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Your Credit Mix: Why It’s Important to Have Different Types of Credit in Canada

Written by Jessica Steer
When it comes to building credit, you probably know that paying your bills on time and keeping your credit card limits below 35% is extremely important. But did you know that your credit mix is another factor that can impact your credit score?
Table of Contents

    What is a credit mix and why is it important?

    Your credit mix refers to all the credit accounts you have (or have had) in your name. Examples of credit accounts include credit cards, personal loans, mortgages, and mobile phone accounts.

    Lenders and creditors look at your credit mix because they want to know how you manage different kinds of debt over time. If you always pay off your credit card balance, that shows lenders you can borrow varying amounts and pay it back consistently, while making timely instalment loan payments demonstrates your ability to fulfill a long-term agreement. In short, having a diverse mix of credit—and being responsible with it—can help you achieve a higher credit score.

    How does credit mix affect your credit score?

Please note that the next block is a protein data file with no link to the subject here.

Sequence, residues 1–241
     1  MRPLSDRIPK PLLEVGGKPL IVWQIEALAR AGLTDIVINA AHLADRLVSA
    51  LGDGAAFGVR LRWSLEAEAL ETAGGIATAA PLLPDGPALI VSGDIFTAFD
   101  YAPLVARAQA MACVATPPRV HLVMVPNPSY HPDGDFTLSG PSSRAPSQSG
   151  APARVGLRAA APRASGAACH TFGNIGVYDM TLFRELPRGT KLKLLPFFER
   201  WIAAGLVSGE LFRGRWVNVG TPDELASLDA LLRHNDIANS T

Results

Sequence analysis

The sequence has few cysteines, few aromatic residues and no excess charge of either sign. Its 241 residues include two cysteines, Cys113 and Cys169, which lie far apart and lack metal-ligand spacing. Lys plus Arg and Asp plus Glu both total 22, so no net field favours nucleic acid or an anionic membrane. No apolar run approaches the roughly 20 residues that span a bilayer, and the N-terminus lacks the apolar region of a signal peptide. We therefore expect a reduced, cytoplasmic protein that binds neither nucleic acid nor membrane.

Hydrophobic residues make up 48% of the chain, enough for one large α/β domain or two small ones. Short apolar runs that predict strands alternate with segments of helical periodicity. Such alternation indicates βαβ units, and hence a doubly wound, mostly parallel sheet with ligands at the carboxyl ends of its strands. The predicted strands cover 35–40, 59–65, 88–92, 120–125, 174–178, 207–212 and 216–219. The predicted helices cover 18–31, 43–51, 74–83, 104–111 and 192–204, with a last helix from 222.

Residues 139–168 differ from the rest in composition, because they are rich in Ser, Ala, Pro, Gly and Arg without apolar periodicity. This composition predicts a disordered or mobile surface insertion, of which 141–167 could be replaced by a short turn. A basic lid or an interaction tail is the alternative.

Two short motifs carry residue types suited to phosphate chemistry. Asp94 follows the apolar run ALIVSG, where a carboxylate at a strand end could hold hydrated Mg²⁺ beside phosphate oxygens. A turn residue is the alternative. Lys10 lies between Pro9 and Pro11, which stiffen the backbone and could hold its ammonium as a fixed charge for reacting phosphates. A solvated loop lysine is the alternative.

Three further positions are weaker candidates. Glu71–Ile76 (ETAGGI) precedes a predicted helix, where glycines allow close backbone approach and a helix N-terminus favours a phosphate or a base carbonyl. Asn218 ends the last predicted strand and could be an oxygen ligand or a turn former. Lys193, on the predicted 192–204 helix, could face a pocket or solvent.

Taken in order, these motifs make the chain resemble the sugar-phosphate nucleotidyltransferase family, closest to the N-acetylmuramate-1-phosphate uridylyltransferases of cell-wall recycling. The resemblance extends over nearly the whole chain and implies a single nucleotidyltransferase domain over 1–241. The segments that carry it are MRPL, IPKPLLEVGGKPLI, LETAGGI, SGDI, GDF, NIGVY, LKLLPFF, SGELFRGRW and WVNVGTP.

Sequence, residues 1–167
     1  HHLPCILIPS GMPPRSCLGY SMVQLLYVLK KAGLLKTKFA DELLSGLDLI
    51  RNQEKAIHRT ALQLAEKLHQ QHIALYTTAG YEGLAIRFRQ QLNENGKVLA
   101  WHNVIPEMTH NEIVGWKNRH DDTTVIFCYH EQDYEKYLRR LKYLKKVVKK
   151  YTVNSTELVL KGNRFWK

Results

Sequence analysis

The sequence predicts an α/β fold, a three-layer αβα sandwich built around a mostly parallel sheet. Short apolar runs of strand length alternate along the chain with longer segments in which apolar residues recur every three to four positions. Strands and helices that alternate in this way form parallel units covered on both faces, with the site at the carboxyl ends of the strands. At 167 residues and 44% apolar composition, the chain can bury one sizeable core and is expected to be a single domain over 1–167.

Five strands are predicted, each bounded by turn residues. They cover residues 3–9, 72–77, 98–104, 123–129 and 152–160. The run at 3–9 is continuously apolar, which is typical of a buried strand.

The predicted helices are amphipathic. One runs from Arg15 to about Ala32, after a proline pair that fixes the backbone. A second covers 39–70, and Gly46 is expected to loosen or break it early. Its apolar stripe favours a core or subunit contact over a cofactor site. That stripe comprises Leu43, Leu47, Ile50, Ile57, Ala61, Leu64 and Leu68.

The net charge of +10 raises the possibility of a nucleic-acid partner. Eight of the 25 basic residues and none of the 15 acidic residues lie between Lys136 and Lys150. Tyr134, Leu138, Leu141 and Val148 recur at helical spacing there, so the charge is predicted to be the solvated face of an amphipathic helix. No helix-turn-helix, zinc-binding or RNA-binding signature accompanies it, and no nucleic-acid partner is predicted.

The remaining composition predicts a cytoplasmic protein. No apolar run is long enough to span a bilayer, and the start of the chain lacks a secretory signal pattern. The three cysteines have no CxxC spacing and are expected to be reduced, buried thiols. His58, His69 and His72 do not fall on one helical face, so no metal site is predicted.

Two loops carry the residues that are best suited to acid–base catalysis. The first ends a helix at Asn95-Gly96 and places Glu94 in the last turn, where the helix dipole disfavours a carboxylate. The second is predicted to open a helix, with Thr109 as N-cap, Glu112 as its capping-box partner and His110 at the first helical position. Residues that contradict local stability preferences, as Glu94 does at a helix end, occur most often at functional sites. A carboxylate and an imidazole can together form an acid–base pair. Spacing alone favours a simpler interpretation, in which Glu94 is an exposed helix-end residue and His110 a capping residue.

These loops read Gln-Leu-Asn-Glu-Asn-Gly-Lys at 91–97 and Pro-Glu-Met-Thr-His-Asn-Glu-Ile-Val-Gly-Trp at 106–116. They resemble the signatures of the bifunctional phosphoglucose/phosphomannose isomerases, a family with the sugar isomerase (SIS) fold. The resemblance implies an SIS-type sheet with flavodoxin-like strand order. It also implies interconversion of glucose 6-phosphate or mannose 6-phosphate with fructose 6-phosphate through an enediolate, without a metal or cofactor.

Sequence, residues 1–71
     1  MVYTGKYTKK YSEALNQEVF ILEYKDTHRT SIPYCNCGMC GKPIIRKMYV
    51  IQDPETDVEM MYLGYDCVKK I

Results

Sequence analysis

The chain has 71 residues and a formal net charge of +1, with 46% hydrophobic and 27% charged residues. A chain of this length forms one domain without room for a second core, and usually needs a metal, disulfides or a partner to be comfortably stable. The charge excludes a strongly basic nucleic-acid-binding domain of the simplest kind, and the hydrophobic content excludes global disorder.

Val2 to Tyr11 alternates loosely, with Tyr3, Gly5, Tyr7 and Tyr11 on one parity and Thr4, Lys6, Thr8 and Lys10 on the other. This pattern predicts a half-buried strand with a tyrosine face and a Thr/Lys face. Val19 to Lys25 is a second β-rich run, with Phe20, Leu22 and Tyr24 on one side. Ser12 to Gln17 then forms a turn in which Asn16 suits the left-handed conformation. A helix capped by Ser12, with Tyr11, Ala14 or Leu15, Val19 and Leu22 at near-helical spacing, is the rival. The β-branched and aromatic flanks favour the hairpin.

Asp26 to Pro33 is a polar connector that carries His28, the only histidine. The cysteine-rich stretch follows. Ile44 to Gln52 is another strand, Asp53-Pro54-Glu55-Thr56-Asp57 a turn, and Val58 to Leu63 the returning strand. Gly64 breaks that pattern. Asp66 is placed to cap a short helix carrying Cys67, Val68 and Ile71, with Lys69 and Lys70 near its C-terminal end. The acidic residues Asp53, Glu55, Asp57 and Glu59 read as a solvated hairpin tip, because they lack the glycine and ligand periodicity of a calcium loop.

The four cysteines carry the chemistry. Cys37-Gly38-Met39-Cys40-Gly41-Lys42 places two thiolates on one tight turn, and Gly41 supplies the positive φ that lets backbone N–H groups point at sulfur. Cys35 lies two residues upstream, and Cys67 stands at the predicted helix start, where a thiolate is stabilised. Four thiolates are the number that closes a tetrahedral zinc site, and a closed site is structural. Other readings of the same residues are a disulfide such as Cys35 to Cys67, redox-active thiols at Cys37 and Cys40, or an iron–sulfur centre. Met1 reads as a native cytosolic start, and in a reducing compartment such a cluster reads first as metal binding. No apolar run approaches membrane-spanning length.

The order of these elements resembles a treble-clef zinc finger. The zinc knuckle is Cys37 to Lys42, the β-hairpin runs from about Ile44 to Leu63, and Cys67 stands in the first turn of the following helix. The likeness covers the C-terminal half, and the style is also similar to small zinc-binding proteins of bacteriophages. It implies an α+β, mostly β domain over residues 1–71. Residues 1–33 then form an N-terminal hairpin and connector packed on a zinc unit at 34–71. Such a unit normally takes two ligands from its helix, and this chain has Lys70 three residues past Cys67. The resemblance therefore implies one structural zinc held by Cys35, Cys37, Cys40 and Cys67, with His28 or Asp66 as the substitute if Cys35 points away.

Both of Canada's major credit bureaus—TransUnion and Equifax—consider the types of credit you have when calculating your credit score. Your credit mix accounts for about 10% of your overall credit score, but it is weighted differently depending on the credit scoring model.

    It may not seem substantial when compared to the main factors affecting your credit score (payment history at 35% and credit utilization at 30%), but a healthy mix of credit can be very beneficial when it comes to building credit . It can turn a good credit score into a great one, so shouldn’t be overlooked. 

    What types of credit are part of your credit mix?

    Your credit mix may combine up to four types of credit accounts.

      1. Revolving debt

      When you think of revolving debt, think of credit cards and lines of credit. It’s when you borrow money up to your credit limit and then repay it over time. Repayment amounts will vary depending on how much money you borrow every month. Once you pay off the amount, you’re free to borrow it again up to a predetermined limit.

      2. Instalment loan

      An instalment loan, such as an auto loan and personal loan, is a lump sum provided to a borrower and repaid with regular payments (plus interest) over a set period of time until that sum of money is fully repaid. Payment amounts usually stay the same. For example, if you sign up for a car loan of $10,000 and agree to pay it back over five years, your monthly payment will be about $200 per month until the end of your loan term.

      3. Mortgage

      A mortgage is a kind of instalment loan used to finance real estate. You can choose between fixed or variable interest rates, which is usually not an option offered by other types of instalment loans.

      4. Open accounts